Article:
Achievement motivation theory of entrepreneurship

What is the achievement motivation theory of entrepreneurship?

Harvard psychologist David McClelland developed the Achievement Motivation Theory in his book entitled The Achieving Society in 1967. McClelland sought to explain why some societies are more economically successful than others. For answers, he looks at the entrepreneurial behaviors of individuals, which he thought were key to the development of all economies.

According to McClelland, entrepreneurs do things in a new and better way and make decisions under uncertainty. Entrepreneurs are characterized by a need for achievement or an achievement orientation, which is a drive to excel, advance, and grow. By focusing in on a particular need, he was able to challenge the then prevailing great man theory of entrepreneurship as well as religious theories of entrepreneurship. He believed that entrepreneurship is learned and that such learning can be encouraged fruitfully.

Need for achievement

The need for achievement contrasts with the need for power—that is, a drive to dominate others in all situations, and with the need for affiliation—that is, a drive for close personal relationships. However, power and affiliate legitimacy may help with achievement and can thus be considered valuable means or resources that can help to satisfy the need for achievement.

Achievement orientation develops during middle childhood through family socialization emphasizing high standards, self-reliance, and less dominant fathers. It manifests in behaviors such problem-solving, need for and use of feedback, reaching goals through effort, and moderate risk-taking.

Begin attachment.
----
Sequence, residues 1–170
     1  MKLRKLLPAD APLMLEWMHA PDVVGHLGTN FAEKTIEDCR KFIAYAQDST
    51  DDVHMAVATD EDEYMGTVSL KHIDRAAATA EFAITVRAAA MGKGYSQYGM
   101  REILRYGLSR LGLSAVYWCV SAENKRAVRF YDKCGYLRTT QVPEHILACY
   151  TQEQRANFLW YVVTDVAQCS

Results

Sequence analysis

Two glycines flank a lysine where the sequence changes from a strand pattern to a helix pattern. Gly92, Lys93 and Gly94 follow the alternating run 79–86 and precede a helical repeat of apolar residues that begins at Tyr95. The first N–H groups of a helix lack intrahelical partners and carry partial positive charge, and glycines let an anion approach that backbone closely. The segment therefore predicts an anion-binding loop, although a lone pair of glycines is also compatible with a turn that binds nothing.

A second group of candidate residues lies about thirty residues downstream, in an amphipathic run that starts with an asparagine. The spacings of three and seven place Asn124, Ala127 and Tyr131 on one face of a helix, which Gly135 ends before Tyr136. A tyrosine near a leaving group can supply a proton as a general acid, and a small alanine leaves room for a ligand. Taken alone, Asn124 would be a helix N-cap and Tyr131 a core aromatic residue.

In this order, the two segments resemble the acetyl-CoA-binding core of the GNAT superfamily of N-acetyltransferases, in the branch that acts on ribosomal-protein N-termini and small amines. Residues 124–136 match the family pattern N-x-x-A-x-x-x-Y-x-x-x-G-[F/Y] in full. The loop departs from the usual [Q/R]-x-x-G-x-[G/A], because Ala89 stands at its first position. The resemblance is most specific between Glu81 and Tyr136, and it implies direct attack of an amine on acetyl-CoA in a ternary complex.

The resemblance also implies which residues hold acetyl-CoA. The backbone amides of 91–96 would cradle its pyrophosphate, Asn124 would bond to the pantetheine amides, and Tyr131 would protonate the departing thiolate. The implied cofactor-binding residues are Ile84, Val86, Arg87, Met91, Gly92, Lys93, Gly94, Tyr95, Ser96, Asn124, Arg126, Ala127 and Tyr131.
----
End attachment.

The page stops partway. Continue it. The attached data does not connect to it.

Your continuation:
The need for achievement is partially culturally determined with some societies producing fewer individuals with achievement orientations. Societies lacking in achievement-oriented individuals are expected to have lower average incomes.

Controversy and evidence

A controversial implication of the theory is that lower-performing economies can be boosted by adopting social policies that alter socialization processes in ways that encourage the development of more individuals with achievement motivations. This can be criticized as being a kind of social engineering though, because some cultures may have different value structures. For instance, well-being, simplicity, and tradition may be more valued in some cultures than innovations leading to more desire for achievement.

McClelland was careful to note however, that achievements are not to be confused with outcomes such as wealth or income as these are merely measures of achievement, not achievements in themselves. The need for achievement is satisfied intrinsically with a feeling of personal accomplishment when getting something done in the world. Thus, the concept is quite broad and can be applied in most circumstances. For instance, in a culture that values well-being or human development, an individual may feel achievement by bringing about greater levels of achievement in other individuals in the society.

Evidence for the theory seems fairly strong, with meta-analyses confirming a positive relationship between need for achievement and entrepreneurial entry and performance (see Collins et al., 2004). There is also meta-analytic evidence that the need for achievement is stronger in entrepreneurs than in managers (Steward and Roth, 2007).

The problem with theories like these is that while many entrepreneurs may display a need for achievement, many non-entrepreneurs may also have a strong need for achievement that is satisfied with success in other professional careers. Thus, it offers only a partial picture of the drivers of entrepreneurial entry.

Interesting interview with McClelland:

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